In other cars, you feel slight jolts as the gears shift and the engine speed changes, but in the Prius with its "continuously variable" transmission you don't feel these, but instead you feel the ICE start and stop because ICE start is a rather sudden event (the ICE can't idle at extremely low RPM). Because these start/stop events happen at different times than a conventional transmission shifts gears, you have to get used to feeling this at unusual times, like in reverse.

    It's a complicated computer-controlled balancing act, but I imagine it's hard even for the computer to react to the precise moment the ICE fires, and how much of a kick it gives as it fires up. While you're backing up and driving the car with MG2, MG1 is starting up the ICE, then must quickly react and stop driving the ICE when it fires.

    Here's another thread that discusses ICE start: http://priuschat.com/forums/gen-ii-prius-technical-discussion/96528-question-how-engine-starts.html
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    bear4 Junior Member

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    I did some more experimenting today and discovered that this transmission jolt only happens the first time you start the car after it has been sitting for a while. When ICE comes on and starts to warm up, you put it in R and can feel the jolt very similar to a conventional auto transmission. It does not do it if you put it in D. Also, if I drive for a while, put it in park, then back in R, it does not do it evem if the ICE is running. Therefore, it must have something to do with the first time the engine is started after sitting off for a while...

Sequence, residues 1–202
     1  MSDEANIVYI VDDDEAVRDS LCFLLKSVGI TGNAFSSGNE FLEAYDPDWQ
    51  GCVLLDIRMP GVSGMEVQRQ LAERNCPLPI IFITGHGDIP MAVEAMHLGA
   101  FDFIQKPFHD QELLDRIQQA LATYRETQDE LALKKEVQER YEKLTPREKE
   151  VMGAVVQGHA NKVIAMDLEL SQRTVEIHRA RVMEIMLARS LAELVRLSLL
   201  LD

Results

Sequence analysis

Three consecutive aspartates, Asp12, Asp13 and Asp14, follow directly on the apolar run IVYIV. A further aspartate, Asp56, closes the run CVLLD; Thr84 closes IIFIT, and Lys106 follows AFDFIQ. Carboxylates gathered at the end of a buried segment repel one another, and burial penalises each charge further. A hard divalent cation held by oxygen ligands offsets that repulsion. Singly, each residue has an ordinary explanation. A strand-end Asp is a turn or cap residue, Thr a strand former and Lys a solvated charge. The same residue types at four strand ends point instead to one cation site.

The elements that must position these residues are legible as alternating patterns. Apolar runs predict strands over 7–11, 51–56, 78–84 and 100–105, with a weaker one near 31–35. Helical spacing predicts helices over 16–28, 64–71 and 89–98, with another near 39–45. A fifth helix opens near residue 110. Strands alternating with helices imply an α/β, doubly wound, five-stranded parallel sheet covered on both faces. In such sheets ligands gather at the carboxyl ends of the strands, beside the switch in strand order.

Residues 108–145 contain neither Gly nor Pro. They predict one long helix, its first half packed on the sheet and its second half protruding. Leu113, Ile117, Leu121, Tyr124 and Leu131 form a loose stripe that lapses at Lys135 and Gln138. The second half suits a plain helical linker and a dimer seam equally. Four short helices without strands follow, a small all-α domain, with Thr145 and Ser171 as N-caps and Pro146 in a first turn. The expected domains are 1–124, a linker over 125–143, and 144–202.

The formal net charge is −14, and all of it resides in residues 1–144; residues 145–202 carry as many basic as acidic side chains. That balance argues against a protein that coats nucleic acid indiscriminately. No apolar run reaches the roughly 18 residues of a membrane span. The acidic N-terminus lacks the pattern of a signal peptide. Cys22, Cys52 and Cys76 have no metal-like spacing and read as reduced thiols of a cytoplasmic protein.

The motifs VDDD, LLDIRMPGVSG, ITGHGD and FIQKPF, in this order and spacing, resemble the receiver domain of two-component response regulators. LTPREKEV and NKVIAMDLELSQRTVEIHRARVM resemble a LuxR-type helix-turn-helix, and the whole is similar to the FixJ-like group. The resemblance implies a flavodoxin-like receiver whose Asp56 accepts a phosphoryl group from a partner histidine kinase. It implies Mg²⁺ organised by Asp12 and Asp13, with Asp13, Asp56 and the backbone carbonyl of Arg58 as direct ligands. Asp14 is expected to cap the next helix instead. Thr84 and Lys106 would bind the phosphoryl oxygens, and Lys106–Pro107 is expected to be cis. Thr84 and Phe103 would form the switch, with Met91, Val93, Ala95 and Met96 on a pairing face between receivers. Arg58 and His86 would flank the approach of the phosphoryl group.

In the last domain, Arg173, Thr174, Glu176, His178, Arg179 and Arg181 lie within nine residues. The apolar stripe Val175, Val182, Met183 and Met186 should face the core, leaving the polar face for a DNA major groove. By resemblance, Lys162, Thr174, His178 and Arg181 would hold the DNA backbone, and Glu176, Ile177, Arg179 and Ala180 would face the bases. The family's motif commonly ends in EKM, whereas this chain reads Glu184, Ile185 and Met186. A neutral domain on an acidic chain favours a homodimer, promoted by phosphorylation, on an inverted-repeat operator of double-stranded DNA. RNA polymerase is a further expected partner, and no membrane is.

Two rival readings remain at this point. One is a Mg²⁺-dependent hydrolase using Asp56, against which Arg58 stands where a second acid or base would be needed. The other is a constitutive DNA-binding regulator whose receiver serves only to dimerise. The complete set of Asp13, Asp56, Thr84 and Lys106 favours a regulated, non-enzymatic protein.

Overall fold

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    qbee42 My other car is a boat

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    "Transmission jolt" is a bad name for this phenomenon. Since it is caused by the ICE starting, it might be better to call it "engine starting jolt", or something to that effect. It has nothing to do with the transmission, except that the transmission transmits the torque pulse to the drive wheels.

    Tom
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    bear4 Junior Member

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    I agree, this is a better name, although the ICE is already running and I put it in R and feel this "jolt", same thing happens when I am moving in reverse and ICE comes on - I feel car vibrating and a clunk sound almost like when gears mesh together. I cannot feel this in Drive in any condition... Also, I found that if you first put it in D and then to R, there is no jolt. Prius is so smooth overall that any minor thing like this stands out...
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    El Dobro A Member

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    How about "Power Surge" ? :p